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No Linking To Japanese Newspaper Without Permission

timothy posted more than 4 years ago | from the thank-you-for-visiting dept.

The Media 134

stovicek writes with this excerpt from Ars Technica about the Japanese newspaper Nihon Keizai Shimbun, or Nikkei (English language site, so far apparently unaffected): "Nikkei has taken efforts to preserve its paywall to absurd new levels: anyone wanting to link to the site must submit a formal application. [...] The New York Times, which reported on the new policy on Thursday, notes that the newspaper market in Japan is radically different from that in the US. Although some smaller outlets are experimenting with new ways of reaching readers, most papers require subscriptions to access online content, and the barriers have kept circulation of print editions quite high compared to the US. Nikkei management appears worried that links could provide secret passages to content that should be safely behind the paywall, and this fear has led to the new approval policy."

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134 comments

Error 503 Service Unavailable (-1, Offtopic)

Anonymous Coward | more than 4 years ago | (#31798308)

You fithy cock smoking cunts! I said FIX IT!!!

Re:Error 503 Service Unavailable (-1)

Anonymous Coward | more than 4 years ago | (#31798384)

Fuck you! It's not offtopic. Your shit is broke! Fucking FIX IT!

asdf (-1)

Anonymous Coward | more than 4 years ago | (#31798310)

frist psot!

Let's write out the pseudocode... (2, Interesting)

LostCluster (625375) | more than 4 years ago | (#31798320)

If (RefererURL is not OurURL) or (ReferURL is Authorized) then {show denialpage;} else {show content;}

It's their site and they can do it if they want to... paywall nets cash but costs views and ad yen. Let's see where this ends up.

Re:Let's write out the pseudocode... (1)

LostCluster (625375) | more than 4 years ago | (#31798326)

Hate it when I write a bug... there's a missing "not" somewhere in there.

Re:Let's write out the pseudocode... (5, Insightful)

Anonymous Coward | more than 4 years ago | (#31798424)

Where would you add the not? That code is messed up. If you do "is not Authorized", it is still broken as OurUrl = false, Authorized = true would still cause denialpage. And now I assume that if OurUrl is true then Authorized will be true too. Let me suggest:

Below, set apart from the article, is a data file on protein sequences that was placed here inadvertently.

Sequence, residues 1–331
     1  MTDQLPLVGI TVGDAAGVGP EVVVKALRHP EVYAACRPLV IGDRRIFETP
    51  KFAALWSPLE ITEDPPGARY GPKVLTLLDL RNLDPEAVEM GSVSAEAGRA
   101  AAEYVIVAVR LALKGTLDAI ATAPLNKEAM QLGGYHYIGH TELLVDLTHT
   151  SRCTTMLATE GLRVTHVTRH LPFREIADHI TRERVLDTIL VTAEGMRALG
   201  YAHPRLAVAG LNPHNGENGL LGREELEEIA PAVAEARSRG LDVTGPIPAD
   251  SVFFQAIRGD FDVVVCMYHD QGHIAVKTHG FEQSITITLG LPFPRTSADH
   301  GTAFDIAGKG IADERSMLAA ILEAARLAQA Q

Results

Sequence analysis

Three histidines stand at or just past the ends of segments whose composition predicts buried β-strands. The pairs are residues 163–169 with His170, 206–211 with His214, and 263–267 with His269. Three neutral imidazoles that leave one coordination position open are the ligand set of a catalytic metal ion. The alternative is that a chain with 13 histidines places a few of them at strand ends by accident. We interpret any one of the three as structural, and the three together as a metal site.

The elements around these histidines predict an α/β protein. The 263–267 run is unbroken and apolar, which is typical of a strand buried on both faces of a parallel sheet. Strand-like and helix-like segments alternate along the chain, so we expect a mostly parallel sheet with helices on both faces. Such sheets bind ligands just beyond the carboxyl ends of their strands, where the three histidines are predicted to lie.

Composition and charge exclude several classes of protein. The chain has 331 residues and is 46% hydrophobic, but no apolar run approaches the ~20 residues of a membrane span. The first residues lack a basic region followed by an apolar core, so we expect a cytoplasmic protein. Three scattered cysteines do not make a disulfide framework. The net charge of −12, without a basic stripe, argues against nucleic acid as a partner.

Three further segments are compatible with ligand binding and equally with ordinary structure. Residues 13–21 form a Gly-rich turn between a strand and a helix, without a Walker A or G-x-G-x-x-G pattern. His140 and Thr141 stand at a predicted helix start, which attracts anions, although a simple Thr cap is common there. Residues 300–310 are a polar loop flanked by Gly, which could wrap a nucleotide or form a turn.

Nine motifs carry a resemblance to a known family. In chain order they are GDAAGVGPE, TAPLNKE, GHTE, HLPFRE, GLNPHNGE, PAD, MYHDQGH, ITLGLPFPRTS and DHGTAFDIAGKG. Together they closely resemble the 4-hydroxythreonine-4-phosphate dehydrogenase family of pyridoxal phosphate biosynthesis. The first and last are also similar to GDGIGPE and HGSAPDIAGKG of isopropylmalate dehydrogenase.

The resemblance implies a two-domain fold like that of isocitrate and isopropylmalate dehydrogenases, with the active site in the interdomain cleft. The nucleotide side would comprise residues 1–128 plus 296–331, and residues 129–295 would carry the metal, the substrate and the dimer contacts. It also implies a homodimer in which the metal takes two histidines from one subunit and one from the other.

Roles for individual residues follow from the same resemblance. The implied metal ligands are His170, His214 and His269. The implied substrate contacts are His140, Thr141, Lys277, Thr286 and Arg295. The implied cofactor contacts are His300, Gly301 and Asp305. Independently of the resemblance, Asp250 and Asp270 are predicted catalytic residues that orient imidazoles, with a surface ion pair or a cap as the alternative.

If (RefererURL is OurURL) or (RefererUrl is Authorized) then { show content; } else { show denialpage; }

In this solution we avoid unnecessary negation and I would think this would be clear for all readers. A thing to note about this approach is that this is "deny by default". Alternatively:

If (RefererURL is not OurURL) and (RefererURL is not Authorized) then { show denialpage; } else { show content };

Re:Let's write out the pseudocode... (2, Informative)

ultranova (717540) | more than 4 years ago | (#31799292)

If (RefererURL is Authorized) then {show content} else { make your site look bad}.

There is simply no point in hardcoding a special exception rather than handling it all in "is Authorized".

Re:Let's write out the pseudocode... (5, Informative)

JesseMcDonald (536341) | more than 4 years ago | (#31798436)

There's a bigger bug than that: you can't trust the referrer. It's completely controlled by the browser, not the page the link was on. Users can easily set the referrer to any string they wish, e.g. with the RefControl extension for Firefox, which will happily set it to the address of the current page—or the home page of the site—by default.

If you really want to know whether the user is authorized to view a page you need to track their session, either with (secure) cookies or (secure) URL parameters. Better yet, use standard Digest authentication and let the browser take care of the credentials. The referrer string has no place in a proper authentication protocol.

Re:Let's write out the pseudocode... (2, Informative)

init100 (915886) | more than 4 years ago | (#31798546)

Better yet, use standard Digest authentication

There is one downside of Digest authentication compared to Basic authentication over SSL. Since Digest authentication generates a random salt which is hashed together with the password and sent to the server, the server must keep the password in plaintext in its user database. With Basic authentication, the password can be stored as a hash on the server, and with SSL the security issue with Basic authentication goes away.

SRP web logins (0)

Anonymous Coward | more than 4 years ago | (#31799454)

Better yet, use standard Digest authentication

There is one downside of Digest authentication compared to Basic authentication over SSL. Since Digest authentication generates a random salt which is hashed together with the password and sent to the server, the server must keep the password in plaintext in its user database. With Basic authentication, the password can be stored as a hash on the server, and with SSL the security issue with Basic authentication goes away.

There's a TLS auth mechanism that uses SRP:

http://tools.ietf.org/html/rfc5054

Unfortunately it isn't widely implemented yet.

Re:Let's write out the pseudocode... (1)

bytesex (112972) | more than 4 years ago | (#31798556)

So you build a session with an unpredictable consequence of identifiers passed on by each page, the first one of which can only be acquired by the paywall entry.

Let's write out the client command (1)

BhaKi (1316335) | more than 4 years ago | (#31798418)

rms@susebox:~> wget --referer="http://www.theirsite.com/" "targetURL"

Re:Let's write out the pseudocode... (0)